With the offseason in full swing, it’s time to look back at the 2017 season! We’ll dissect all the individual teams from worst to first based off my final Power Rankings later during the summer.
But first, we’ll dissect each conference and return The Good, The Bad, & The Future series. We won’t talk a ton about each team until the individual dissections, but this should be a good quick glimpse at each team. Previously, we recapped the ACC teams. We’ll now take a look at the teams from the Big Ten!
So let’s get started!
The Good: This was Michigan’s best year in their short program history, and their first ever season that they finished over .500. The Wolverines began the season winning eight of their first nine games, and upset 10th ranked Penn by a goal at home in their best win for the program. They were also ranked for the first time in the media poll and went as high as 18. Brent Noseworthy’s 37 goals were fourth overall in the nation.
The Bad: Although the nonconference slate went great, the Wolverines failed to win a Big Ten conference game, and former head coach John Paul was relieved of his duties. They lost four of their five conference games by seven or more goals, with their final loss to Penn State coming by only four goals. All but one of their nonconference wins came against teams that finished under .500. Penn finished a game above .500, and Notre Dame, their only nonconference loss, went 9-6. The team loses Ian King, Mikie Schlosser on offense, and Andrew Hatton and Dickson Smith on defense.
The Future: Michigan welcomes former Maryland assistant Kevin Conry as head coach, and hope to take the next step in making Michigan a power in an already deep conference. Noseworthy, along with Decker Curran, Avery Myers, and Rocco Sutherland all return on offense, and Eric Smith as the only returning starter on defense. Chase Young is a very good defensive midfielder and Nick DeCaprio is back at LSM. Tommy Heidt assumed the starting goaltender spot with a 51.4% save percentage as a redshirt-sophomore. Mike McDonnell went 52.3% on his face-off opportunities.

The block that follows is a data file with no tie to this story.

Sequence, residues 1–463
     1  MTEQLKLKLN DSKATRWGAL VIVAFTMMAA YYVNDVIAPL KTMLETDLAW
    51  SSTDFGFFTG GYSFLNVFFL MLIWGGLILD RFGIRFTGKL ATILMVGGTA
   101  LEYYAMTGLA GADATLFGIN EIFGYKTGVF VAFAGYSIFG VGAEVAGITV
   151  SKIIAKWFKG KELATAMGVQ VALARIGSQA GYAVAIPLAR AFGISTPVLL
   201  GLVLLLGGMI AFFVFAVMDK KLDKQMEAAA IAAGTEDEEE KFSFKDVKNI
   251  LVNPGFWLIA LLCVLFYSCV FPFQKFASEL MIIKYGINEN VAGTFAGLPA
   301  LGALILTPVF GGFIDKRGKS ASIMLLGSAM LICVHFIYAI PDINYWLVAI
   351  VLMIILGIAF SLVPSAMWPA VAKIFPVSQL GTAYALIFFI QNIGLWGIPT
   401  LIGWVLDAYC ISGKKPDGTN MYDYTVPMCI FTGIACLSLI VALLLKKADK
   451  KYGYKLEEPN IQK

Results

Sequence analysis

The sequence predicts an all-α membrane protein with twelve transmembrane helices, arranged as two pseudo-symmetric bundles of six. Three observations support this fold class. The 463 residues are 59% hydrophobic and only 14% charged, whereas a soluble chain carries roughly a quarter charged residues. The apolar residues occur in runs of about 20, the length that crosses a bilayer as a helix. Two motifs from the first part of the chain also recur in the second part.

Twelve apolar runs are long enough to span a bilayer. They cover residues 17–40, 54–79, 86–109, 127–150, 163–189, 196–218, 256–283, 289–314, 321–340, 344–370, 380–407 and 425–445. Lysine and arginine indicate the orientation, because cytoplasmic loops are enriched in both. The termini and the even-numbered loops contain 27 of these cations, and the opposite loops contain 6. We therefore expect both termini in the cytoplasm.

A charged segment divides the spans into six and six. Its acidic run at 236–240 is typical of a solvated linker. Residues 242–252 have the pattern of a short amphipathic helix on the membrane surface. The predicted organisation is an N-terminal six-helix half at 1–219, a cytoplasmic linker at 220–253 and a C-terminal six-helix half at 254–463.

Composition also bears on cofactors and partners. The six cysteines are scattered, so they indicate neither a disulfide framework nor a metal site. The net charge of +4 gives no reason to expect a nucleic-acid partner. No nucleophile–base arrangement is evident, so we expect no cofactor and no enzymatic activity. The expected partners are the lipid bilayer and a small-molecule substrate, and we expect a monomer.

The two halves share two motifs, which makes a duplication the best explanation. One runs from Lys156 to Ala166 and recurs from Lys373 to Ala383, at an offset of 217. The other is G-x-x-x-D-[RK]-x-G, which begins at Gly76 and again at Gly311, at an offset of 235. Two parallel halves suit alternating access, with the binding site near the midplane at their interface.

The Good: Any signs that last year’s 11-5 record was a fluke was no joke, as the Scarlet Knights rose to even higher levels in 2017. They started the year 8-0 and earned their first ever No. 1 ranking, en route to a 10-win season, the first time the school has had back-to-back 10 win seasons. Freshman Kieran Mullins led the team with 35 goals and 51 points, while Jules Heningburg had 26 assists and 46 points. Michael Rexrode was a stalwart on defense as an All-American, and goaltender Max Edelmann had solid numbers replacing Kris Alleyne as the starting netminder. He recorded an 8.91 goals against average and a 53.2% save percentage.
The Bad: Star attackman Adam Charalambides and midfielder Christian Trasolini missed the season with injuries. Imagine how the Scarlet Knights would have been with both players, especially with Charalambides, who was the Big Ten’s Freshman of the Year in 2016. After Rutgers’ 8-0 start, the team went 2-6 to end the year, with losses to Delaware, and a triple overtime loss to Maryland at home, before upsetting Ohio State in the season finale. They didn’t qualify for the Big Ten Tournament, and missed out on the NCAA Tournament once again. Connor Murphy, Jeff George, and Chris Groel all graduate.